How My Crochet Braids Shaped My Identity and Helped Me Find My Confidence
My hair and I have a complicated relationship.
Growing up, I never gave my hair the self-care it needed. I would tie it up into a ponytail, get relaxers on a daily basis, and refuse to use any product other than shampoo and conditioner (which also contained high levels of sulfate — a huge no-no for curls). Point blank, my hair was damaged and thick, and I didn't take the time to learn how to maintain my natural type 3C hair.
The only time I experimented with my hair and gave it an ounce of care that it needed was when I had braids. Sometimes I would leave the house in my usual ponytail and return home with anything from cornrows to dutch braids. I never got a massive haircut or color, so this was how I felt bold.
Braids were a way for me to connect with others and feel confident. Then I started high school, and I started to push away from the familiar styles I grew up with to fit in. I stopped wearing the style for fear of being put into a box with only people that looked like me, while also believing I wasn't "Latina enough" or "black enough" to embrace it in the first place.
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I spent years during and after college trying to figure out my identity, which included embracing the features I once stripped away. I threw out all my hot tools, stopped getting relaxers, and finally put the ponytail to rest. I decided to give my curly, coil-y hair the love it deserved.
Still, braids were always in the back of my mind. This Summer, I looked around at the different styles, colors, and textures of braids and it gave me a wave of nostalgia. I started keeping a collection of inspiration from Instagram in hopes that I would find the courage to get my hair braided again.
However, I was anxious and nervous. Although I'm a woman of color, I feared I would misrepresent or squeeze my way into a community uninvited. The thought of wearing braids again, especially a newer style, made me feel like a fraud. Braids have been around as far back as 3500 B.C. from Africa as a sign of social status, unity, and simple pure art; yet time again, women of color, specifically black women, are scrutinized and judged for wearing braids or other natural looks.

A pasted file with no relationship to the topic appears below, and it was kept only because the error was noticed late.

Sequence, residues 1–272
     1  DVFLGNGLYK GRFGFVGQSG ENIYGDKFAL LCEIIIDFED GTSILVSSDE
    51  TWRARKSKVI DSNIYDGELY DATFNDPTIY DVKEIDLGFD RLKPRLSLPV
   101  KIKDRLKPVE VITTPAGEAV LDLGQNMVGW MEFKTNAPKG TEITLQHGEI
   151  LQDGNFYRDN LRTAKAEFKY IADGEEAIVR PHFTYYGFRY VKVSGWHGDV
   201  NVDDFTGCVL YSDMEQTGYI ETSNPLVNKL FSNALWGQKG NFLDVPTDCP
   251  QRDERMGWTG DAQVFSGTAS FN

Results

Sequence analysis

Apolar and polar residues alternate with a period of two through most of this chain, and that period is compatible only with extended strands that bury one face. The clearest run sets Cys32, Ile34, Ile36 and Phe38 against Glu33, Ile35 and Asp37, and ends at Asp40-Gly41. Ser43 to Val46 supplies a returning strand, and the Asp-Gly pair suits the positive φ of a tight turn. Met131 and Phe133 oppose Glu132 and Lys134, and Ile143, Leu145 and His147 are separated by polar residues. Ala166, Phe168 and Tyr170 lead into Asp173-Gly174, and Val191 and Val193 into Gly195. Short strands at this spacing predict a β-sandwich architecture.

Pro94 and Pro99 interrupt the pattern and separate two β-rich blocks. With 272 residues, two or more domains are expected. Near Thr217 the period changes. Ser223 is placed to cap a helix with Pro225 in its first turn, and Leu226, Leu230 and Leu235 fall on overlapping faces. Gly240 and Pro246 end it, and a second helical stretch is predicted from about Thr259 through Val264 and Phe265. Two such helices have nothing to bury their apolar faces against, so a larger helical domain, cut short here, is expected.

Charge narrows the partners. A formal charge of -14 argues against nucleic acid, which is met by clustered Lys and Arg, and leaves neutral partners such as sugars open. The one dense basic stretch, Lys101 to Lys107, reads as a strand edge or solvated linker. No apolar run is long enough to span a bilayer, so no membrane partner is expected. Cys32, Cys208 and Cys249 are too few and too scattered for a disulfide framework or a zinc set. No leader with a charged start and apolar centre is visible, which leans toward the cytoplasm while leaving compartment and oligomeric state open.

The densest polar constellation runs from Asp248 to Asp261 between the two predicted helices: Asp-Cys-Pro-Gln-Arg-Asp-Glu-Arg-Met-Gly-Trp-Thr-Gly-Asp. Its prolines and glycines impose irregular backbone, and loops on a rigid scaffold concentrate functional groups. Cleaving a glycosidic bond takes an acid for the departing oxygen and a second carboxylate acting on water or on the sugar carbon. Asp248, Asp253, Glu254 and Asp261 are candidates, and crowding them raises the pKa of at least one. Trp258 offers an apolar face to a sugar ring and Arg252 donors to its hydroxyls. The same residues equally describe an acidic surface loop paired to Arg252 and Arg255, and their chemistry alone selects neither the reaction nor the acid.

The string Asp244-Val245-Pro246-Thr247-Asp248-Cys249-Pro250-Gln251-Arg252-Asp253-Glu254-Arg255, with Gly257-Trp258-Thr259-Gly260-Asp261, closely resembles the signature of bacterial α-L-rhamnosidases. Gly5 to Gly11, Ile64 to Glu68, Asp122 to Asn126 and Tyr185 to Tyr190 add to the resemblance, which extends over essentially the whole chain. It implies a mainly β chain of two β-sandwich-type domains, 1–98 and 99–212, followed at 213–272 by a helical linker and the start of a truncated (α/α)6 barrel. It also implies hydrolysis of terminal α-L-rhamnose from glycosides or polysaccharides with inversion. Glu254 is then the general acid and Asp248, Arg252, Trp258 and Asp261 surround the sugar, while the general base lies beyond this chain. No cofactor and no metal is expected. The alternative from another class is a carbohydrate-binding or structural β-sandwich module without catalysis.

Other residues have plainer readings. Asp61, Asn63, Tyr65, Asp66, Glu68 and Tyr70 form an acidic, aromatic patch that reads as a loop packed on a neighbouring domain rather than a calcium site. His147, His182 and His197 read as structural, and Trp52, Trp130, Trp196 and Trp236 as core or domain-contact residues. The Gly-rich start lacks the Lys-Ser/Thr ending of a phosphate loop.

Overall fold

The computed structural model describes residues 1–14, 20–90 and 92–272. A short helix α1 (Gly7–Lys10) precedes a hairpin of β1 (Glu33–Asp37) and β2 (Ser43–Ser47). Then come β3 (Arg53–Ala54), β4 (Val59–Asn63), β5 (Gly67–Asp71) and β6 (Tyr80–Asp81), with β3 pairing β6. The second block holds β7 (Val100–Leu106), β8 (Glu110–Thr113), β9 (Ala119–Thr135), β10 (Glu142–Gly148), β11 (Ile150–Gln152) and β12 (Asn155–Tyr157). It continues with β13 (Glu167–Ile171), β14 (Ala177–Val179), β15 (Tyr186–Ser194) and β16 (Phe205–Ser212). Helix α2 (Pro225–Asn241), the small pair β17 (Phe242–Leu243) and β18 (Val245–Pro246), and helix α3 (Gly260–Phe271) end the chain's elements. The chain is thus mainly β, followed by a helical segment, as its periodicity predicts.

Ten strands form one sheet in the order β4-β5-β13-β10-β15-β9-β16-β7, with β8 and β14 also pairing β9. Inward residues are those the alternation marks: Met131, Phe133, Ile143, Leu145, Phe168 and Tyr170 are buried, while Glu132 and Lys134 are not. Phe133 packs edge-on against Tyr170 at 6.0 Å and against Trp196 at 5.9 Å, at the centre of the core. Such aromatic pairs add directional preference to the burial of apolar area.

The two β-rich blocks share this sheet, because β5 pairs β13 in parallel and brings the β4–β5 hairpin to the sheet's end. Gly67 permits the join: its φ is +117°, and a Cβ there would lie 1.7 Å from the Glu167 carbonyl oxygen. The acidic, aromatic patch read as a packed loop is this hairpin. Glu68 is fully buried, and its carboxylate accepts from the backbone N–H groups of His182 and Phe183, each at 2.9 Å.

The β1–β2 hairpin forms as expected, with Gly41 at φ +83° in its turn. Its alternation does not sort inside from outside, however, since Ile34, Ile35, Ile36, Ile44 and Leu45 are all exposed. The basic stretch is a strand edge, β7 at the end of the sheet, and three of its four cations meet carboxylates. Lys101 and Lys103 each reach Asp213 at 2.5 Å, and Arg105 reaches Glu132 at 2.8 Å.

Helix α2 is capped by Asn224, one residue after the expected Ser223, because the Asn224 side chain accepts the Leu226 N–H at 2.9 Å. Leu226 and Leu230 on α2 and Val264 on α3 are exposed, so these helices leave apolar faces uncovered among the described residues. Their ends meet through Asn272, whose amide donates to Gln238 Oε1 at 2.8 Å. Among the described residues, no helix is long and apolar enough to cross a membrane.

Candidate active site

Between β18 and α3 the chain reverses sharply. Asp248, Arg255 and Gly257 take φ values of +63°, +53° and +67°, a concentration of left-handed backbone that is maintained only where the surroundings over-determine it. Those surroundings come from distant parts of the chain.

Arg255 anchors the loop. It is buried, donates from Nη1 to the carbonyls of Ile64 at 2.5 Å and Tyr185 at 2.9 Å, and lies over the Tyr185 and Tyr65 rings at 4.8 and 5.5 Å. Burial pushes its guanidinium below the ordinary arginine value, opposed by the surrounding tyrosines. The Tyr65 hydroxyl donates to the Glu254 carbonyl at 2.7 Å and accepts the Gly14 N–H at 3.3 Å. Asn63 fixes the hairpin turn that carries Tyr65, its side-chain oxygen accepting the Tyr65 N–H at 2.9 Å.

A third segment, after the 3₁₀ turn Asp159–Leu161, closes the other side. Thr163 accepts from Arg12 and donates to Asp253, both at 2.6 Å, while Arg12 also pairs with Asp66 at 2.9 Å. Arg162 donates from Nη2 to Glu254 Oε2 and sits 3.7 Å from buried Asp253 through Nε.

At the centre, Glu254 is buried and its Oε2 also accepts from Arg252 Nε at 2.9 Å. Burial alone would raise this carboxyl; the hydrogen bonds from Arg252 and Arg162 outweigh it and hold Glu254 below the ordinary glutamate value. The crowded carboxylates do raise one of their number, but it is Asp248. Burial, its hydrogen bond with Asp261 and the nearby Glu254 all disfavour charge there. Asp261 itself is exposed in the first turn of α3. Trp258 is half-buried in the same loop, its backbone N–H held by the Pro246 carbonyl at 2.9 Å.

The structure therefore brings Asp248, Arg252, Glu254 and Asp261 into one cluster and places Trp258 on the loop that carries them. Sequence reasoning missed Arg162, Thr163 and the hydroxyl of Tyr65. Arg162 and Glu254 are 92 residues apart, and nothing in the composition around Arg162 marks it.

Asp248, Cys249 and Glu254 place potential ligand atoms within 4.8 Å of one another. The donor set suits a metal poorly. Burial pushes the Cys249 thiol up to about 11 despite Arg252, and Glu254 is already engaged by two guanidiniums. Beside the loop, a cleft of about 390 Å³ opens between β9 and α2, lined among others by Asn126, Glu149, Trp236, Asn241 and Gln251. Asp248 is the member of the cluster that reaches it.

So, I asked a trusted friend for her honest opinion. She put all my worries to rest, saying I shouldn't feel judged, and even volunteered to give me crochet braids — a protective style that uses extensions (which can be hair, yarn, or thread) and loops it into your actual hair with a crochet needle. It's also the perfect way to maintain my dense, curly hair in the hot Summer months.
While the braiding process itself was familiar to me, nothing prepared me for the finished look. I made my way into the bathroom and couldn't believe what I saw in my reflection. It was me, yet I felt like a totally different person. Physically, my hair was longer, but mentally, it was a little deeper than that. I felt the same way my younger self girl felt when I got my hair braided by her friends. I felt beautiful, confident, and unapologetically me.
However, the big test was leaving the confines of my friend's house and stepping into the real world. Once I headed to the train, I felt all eyes were on me. Maybe I was paranoid, but I felt like I was holding a big neon sign over my head that said, "Look at what I did!" Finally, I took a deep breath and lifted my head up high — because dammit, I felt good!
I spent the next three weeks with my braids and all the fears I had went away. I received countless positive remarks and compliments. My appreciation also grew for women of color who continue to be leaders of the natural hair movement and celebrate their braids in every shape and form. These women ignore society's perception of what it means to have "good hair" and continue to highlight their culture — our culture. My crochet braids didn't just provide me with a new look, but they also gave me the permission to be the person I've always been.